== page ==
Farrell showed several samples of arrangements exhibiting the power of linear design, compared to the more typical rounded arrangements. "You have the power to brand your business as the 'where'd you get that?' florist. "Send something to the hospital that's a little more linear. If that happens a couple of times, all of the sudden they stop having to ask who the florist is and they're saying, 'wow, I bet that came from X flower shop.'"

High style designs can — and should — be highly profitable, Farrell said. Not just because you can charge a lot for the materials used but because a high-end look can be accomplished with a minimal amount of labor. Farrell showed several pairs of high-style arrangements: both with a similar price point but one with a substantially higher profit margin, due to more effective use of flowers, which in effect results in fewer insertions.

See Farrell’s formulas and additional ideas for adding drama and profits to your designs, in the SAF Retail Grower Solutions group at If you haven’t signed onto the website, it’s easy! Click on MySAF and follow the prompts.More

Tips To Avoid Lowballing
By Katie Hendrick
“We have nice arrangements starting at $39.99.”

“You don’t want anything too big.”

If either of these lines have ever crossed your sales employees’ lips, you better check out this month’s “CSI: Flower Shop Confidential,” in which Tim Huckabee, founder and president of Floral Strategies, LLC, and the American Institute of Floral Sales Experts, critiques a Nebraskan florist who woefully undersold an order for flowers being purchased for a woman recovering from a car accident.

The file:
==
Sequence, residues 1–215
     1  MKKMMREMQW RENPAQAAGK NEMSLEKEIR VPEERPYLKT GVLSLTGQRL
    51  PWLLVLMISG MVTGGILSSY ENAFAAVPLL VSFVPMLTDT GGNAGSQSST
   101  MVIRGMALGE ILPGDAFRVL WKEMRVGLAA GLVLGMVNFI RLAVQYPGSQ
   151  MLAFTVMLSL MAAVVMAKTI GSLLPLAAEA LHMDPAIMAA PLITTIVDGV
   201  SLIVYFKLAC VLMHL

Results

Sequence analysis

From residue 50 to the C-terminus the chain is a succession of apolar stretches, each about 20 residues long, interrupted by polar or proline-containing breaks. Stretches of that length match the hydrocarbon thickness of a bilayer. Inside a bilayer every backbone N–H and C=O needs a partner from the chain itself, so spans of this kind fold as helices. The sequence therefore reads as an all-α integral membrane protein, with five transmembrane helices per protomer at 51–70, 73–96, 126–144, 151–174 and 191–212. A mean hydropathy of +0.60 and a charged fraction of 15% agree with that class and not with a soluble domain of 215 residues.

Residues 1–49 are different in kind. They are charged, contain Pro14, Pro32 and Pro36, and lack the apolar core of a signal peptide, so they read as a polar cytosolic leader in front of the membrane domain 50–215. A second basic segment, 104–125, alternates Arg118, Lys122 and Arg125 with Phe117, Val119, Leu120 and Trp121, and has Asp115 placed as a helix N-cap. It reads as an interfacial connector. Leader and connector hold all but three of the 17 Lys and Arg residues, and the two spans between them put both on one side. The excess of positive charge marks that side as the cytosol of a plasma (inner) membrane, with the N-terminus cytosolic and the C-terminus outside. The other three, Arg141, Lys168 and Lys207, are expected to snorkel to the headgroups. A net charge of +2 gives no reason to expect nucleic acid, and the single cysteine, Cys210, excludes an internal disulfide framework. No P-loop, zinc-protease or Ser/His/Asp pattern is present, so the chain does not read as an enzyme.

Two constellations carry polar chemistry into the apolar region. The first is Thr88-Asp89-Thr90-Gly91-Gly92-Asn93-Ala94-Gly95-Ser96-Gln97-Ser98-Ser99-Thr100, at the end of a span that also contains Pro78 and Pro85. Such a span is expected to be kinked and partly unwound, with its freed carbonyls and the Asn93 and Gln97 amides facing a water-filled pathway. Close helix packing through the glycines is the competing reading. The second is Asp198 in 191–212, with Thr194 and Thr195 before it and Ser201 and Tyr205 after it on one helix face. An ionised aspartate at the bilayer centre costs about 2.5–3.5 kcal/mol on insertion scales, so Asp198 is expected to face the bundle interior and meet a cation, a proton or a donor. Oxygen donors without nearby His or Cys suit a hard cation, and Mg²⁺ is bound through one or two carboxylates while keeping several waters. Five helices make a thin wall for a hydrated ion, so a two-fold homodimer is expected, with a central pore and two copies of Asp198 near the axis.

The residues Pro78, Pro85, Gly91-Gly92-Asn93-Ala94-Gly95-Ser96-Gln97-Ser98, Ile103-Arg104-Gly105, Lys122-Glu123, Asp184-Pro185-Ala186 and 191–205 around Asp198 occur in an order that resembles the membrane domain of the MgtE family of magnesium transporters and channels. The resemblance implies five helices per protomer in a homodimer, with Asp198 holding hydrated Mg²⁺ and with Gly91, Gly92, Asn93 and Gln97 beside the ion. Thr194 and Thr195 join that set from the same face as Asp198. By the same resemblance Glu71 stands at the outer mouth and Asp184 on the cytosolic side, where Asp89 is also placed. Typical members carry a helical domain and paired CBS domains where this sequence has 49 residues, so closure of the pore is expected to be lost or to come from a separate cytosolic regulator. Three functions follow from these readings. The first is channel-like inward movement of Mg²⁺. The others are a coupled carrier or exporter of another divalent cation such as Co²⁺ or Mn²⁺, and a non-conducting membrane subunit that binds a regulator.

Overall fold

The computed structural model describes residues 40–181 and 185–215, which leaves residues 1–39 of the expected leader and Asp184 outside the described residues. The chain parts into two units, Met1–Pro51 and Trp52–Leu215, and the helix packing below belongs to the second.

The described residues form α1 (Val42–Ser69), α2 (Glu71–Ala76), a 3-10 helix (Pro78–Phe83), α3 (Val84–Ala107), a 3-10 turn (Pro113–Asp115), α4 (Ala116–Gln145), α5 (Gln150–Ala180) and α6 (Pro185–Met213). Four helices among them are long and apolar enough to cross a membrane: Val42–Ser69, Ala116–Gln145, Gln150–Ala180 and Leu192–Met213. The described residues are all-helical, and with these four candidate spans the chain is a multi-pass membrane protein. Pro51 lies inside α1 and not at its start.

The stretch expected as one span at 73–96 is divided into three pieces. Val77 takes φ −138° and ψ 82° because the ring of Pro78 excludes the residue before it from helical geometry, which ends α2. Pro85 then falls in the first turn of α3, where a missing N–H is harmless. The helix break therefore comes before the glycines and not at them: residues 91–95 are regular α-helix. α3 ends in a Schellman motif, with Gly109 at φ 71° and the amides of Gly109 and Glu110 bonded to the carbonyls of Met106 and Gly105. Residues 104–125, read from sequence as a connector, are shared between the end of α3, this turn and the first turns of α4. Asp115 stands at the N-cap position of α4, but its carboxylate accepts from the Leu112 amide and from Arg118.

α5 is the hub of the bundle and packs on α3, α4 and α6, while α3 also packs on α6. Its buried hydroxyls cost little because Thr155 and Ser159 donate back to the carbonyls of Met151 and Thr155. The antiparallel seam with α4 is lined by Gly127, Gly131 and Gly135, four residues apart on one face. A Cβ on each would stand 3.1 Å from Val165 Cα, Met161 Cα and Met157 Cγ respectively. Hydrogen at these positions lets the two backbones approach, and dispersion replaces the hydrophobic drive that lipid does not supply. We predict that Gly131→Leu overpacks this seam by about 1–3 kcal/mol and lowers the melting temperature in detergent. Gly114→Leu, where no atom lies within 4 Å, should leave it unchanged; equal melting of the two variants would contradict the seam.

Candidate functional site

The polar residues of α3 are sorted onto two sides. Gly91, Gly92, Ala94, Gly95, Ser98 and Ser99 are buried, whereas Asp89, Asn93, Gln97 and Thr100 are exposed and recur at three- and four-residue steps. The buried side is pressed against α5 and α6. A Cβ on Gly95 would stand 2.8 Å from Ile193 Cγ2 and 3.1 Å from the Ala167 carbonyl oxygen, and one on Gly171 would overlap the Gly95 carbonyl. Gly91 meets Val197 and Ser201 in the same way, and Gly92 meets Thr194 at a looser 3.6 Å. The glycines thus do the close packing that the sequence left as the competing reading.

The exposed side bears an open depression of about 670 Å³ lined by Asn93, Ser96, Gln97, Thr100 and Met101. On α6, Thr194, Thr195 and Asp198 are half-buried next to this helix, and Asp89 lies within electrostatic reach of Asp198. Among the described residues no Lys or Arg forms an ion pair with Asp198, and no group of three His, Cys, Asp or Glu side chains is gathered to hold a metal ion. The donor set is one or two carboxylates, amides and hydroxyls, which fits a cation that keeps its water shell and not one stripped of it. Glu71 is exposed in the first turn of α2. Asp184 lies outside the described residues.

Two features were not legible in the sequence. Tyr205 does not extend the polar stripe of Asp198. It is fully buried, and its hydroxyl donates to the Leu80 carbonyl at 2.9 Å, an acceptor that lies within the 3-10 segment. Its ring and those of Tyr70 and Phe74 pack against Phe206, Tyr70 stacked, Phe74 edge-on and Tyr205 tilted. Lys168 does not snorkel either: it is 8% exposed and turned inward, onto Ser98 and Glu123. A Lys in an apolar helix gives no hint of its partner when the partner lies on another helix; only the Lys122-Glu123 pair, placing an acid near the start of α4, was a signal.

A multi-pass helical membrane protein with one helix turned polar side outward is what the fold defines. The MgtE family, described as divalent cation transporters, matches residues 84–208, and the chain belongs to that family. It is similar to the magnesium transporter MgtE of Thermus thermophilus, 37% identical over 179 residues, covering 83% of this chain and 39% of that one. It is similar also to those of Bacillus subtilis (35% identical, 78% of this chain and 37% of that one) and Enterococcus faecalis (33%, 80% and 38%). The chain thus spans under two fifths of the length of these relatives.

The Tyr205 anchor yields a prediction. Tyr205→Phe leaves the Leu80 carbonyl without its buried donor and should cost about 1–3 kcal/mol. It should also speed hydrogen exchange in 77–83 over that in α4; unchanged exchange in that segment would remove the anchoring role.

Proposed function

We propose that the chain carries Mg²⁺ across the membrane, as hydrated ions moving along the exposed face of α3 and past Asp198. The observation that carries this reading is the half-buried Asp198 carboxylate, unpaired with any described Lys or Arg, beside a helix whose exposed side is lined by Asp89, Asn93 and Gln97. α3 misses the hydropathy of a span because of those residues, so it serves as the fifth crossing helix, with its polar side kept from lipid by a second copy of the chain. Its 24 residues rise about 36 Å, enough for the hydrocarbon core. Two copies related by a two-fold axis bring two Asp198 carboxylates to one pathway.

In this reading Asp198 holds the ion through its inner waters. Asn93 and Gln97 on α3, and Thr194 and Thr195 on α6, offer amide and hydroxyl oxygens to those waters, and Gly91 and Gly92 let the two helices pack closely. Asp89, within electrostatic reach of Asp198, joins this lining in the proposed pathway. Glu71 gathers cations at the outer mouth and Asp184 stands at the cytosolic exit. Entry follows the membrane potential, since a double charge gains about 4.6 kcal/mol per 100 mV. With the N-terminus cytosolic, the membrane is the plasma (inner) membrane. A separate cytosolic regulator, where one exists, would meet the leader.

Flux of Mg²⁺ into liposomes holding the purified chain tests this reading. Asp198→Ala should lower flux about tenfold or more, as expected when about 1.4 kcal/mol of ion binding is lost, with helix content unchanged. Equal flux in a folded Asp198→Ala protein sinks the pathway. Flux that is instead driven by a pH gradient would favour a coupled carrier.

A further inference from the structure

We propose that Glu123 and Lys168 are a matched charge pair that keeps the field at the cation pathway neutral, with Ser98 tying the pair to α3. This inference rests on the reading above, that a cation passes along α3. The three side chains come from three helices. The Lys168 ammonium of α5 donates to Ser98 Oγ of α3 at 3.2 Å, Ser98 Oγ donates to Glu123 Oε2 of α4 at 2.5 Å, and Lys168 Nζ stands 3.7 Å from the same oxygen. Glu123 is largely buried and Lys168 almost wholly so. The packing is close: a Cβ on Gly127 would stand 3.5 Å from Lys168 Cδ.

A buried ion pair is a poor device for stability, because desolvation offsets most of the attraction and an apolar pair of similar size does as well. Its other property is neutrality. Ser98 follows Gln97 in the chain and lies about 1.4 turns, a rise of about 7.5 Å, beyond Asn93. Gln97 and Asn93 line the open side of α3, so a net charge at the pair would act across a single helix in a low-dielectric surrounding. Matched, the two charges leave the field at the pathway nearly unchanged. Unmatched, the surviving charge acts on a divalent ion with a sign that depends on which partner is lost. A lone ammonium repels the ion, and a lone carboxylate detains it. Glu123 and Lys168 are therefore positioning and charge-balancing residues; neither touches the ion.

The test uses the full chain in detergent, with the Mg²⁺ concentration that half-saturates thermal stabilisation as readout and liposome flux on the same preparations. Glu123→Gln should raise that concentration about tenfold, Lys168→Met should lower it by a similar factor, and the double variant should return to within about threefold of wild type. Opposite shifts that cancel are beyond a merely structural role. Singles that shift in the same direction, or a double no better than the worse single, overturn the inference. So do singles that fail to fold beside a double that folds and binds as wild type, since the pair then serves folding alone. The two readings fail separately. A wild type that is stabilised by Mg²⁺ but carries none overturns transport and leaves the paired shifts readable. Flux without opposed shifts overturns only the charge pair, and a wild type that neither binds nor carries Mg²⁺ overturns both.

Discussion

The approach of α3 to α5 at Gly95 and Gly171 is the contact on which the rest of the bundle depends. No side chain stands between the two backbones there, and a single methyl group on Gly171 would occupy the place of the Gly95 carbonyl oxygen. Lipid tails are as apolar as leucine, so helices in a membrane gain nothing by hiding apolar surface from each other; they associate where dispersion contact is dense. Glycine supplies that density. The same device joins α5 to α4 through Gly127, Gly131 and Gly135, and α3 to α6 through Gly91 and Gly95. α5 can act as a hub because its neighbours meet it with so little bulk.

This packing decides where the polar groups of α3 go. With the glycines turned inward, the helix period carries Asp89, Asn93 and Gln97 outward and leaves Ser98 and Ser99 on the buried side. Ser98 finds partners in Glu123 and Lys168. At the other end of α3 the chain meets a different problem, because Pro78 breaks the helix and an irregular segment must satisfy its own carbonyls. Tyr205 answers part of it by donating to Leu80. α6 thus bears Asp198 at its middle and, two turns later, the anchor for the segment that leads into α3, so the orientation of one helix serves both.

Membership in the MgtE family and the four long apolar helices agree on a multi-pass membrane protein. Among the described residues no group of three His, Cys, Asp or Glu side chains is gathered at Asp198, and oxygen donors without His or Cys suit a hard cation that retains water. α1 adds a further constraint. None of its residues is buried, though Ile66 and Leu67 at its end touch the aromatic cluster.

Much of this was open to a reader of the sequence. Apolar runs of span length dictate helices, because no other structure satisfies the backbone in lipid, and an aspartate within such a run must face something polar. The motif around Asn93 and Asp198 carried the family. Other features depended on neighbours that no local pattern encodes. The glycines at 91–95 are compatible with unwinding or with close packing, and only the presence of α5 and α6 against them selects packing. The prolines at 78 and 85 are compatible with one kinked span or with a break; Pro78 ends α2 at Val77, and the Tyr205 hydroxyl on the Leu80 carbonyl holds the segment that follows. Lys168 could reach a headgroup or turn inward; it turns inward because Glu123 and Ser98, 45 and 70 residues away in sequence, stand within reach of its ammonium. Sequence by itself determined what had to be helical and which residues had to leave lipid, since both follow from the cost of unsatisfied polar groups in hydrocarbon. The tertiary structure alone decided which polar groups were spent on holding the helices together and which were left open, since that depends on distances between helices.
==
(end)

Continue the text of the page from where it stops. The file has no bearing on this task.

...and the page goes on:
Read what Huckabee would say to the caller to capture a bigger sale. More

Request Reviews, Raise Your Prominence
By Katie Hendrick

Almost 80 percent of couples find their wedding vendors through online research. Make sure brides find yours by doing the right moves to elicit reviews.

This summer, vow to enhance your reputation by soliciting feedback.

Customer reviews build your credibility and help you appear on customers’ radar by making you prominent in online searches. Case in point: An influx of reviews (157) for Starbright Floral Design gets the shop’s Place Page to pop up when customers type the phrase, “Who is the best florist in New York City?” But such feedback is not automatic, said owner Nic Faitos; often, you need to take the time to fish for some praise.

Follow up with customers via email (you should always capture contact information for every customer) and ask them to write a review based on their experience with you. Let them know how their feedback benefits your shop.

Lori Kunian, CFD, puts it like this for customers: “The best way for people to select small businesses today is to read online how other people like or don’t like them.”

The owner of Affairs to Remember in Melrose, Mass., tells customers that a review “lets us know what you think and tells what we need to work on in terms of quality, style and service.”

This message has yielded dozens of comments on sites including Google, Yahoo, Citysearch, Yelp, hotfrog and WeddingWire, which have drawn in new customers, particularly those who are out of state and ordering funeral flowers, she said.

Reviews are especially important for attracting brides. Almost 80 percent of couples will find their vendors through online research, while only 60 percent will ask for recommendations from friends or family members, according to The Wedding Report’s 2012 U.S. Wedding Market Insight Report. Read what three florists do to elicit those reviews and keep bridal business coming their way in “’Til Online Reviews Do Us Part.”More